IMO, with the Linn, after you've assured yourself the table is set up to the best of its ability according to the vintage of your table the support system is your first concern since the Linn responds so dramatically to what it rests upon. If you are going to use a stand of any kind, a short, light and extremely rigid system is typically the best choice for the LP12. Kneeling in the Cult of Linn is less acepted than is actually genuflection and a dose of self falgellation followed by a hair shirt as you play only Linn approved LPs.

Be careful as you move the table as the fairly soft suspension springs can go out of alignment as you tinker with placement. Use some cardboard wedges in the suspension to stabilize the subchassis whenever you move it. If you don't know already, there is one position for the platter to rest upon the suplatter. Most owners mark both components so they can always return their platter to its correct location. If your platter isn't marked, then you might want to check with the previous owner as to whether this has been tended to over the life of the table.

After you have the support system worked out, turn your attention to speed stabilization. This more than any other area of table performance is what, IMO, will make the music seem real. If you attend to those two areas first, then according to the Linn heirarchy of modifications - which has the table holding primary influence, the arm as secondary and the cartridge as the least important component - even a $39 cartridge will sound better in a well set up LP12 than would a $2k cartridge in a poorly set up LP12. Overall, my experience with high end tables and LP12's in particular would bear that plan out as being the wisest path to satisfaction with your table.

Mike Wodek owns a LP12 and has done some mods to his table. You might want to go up to his pics and look at how he has his table set up. It begins with a 50lb bag of sand. He also had what we both agreed was an interesting experience with cartridges. I'll send him a message and try to get him to place some input here for your reading.

Don't take my kidding too seriously, Dan. I've seen LP12 owners take some serious abuse from some too self important Linn dealers. For awhile the Linn developed a following that was out of bounds with the table's abilities. There wasn't a questioned asked in the British audio press than couldn't be solved by buying a Linn and having it set up by so and so. The existence of VPI and SOTA over here tended to quash the cult's flames on this side of the pond but Linn dealers have been - as a whole - a peculiar sort. "Evangelical" comes to mind.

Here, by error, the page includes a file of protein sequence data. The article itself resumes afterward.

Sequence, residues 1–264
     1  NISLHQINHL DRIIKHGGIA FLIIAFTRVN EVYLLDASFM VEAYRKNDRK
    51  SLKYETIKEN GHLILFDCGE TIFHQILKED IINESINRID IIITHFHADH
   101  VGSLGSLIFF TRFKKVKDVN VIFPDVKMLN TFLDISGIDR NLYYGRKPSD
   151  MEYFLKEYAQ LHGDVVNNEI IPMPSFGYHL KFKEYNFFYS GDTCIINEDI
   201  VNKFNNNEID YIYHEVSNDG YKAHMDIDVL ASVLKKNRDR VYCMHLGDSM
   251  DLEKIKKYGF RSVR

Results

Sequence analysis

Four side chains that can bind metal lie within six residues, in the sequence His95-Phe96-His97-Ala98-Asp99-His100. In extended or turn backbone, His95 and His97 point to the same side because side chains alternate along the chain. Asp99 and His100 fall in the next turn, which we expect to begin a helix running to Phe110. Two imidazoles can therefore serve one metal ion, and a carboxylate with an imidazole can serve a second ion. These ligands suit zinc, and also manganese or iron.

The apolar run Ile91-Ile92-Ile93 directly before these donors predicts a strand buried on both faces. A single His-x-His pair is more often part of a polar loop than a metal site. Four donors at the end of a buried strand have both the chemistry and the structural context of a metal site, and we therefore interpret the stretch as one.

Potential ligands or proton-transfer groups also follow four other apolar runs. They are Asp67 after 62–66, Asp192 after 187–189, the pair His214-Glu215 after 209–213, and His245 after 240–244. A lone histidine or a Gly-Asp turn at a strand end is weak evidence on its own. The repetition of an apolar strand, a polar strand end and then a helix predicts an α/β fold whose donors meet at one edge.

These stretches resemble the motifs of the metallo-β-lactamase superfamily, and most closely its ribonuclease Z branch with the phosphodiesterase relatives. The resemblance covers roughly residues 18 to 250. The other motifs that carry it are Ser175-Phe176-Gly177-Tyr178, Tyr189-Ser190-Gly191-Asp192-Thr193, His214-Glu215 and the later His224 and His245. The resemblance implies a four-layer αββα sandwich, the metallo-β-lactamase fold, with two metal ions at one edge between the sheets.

http://www.sondek-turntable.com/index.htm




.
 

Gold Member
Username: Kbear

Canada

Post Number: 1040
Registered: Dec-06
Sorry, can't say exactly what kind of wood the plinth is made from, James.

Thanks Jan. I wouldn't consider adding an aftermarket power cord, but rather replacing the one I have with a new one from Linn. I guess the insulation is a bit worn, which seems to happen over 20 years if my vacuum cleaner is any indication, but yes there are no tears that expose bare wires. So I guess this is not a concern.

The table sounds pretty darned good to me right now, with the Grado. Of course, I'll purchase something else soon. I think I will focus on support too, maybe trying the things Stu suggested and also checking out what Michael has done. I think my Target stand is probably not ideal, but it's relatively light and rigid so it may be a decent option over the near term until I can try other things.

I will probably get a used Lingo 2 at some point, which should address speed stabilization. The Ittok seems to be very well regarded, and mine is in great shape, so I don't think I'll change the arm. I will probably upgrade my phono stage at some point too. The Sonneteer Sedley has caught my eye (one dealer has one for sale at $700), as has the Primare R20 or R32, and the Linn Linto. The R32 seems like a better sonic match for the LP12 than the R20. Too bad, because the R20 looks like good bang for the buck compared to other preamps in it's price range. I've also read the Linto's load cannot be adjusted, and so it pairs well with Linn carts but often not as well with other brands. Guess that's something to consider. Don't want to rush into anything though. My 640P is nothing special compared to these other preamps I'm sure, but it costs me nothing to keep it and it's working just fine.
 

Gold Member
Username: Superjazzyjames

Post Number: 1414
Registered: Oct-10
That's ok Dan. I just thought you might have known.
 

Gold Member
Username: Stu_pitt

Stamford, Connecticut USA

Post Number: 4432
Registered: May-05
For a phonostage in the $700 range that's very flexible and sounds fantastic, one word... Dynavector. They come up for a good price every now and again on Audiogon. Its a good bit cheaper than $700 used. It's a very popular phonostage with the Naim followers, and a lot of Linnies except it, even though it's not made by Linn. That should tell you something.

There's an appreciable difference between the the original and mkII versions, but not night and day where you're better off spending a few hundred more on an mkII if all else is equal on the second hand market.

But remember, one thing at a time. It would normally make more sense to figure out your cartridge before a phonostage, but the Dynacector is easily configurable to any cart but the most eccentrically and absurdly designed ones.
 

Gold Member
Username: Kbear

Canada

Post Number: 1041
Registered: Dec-06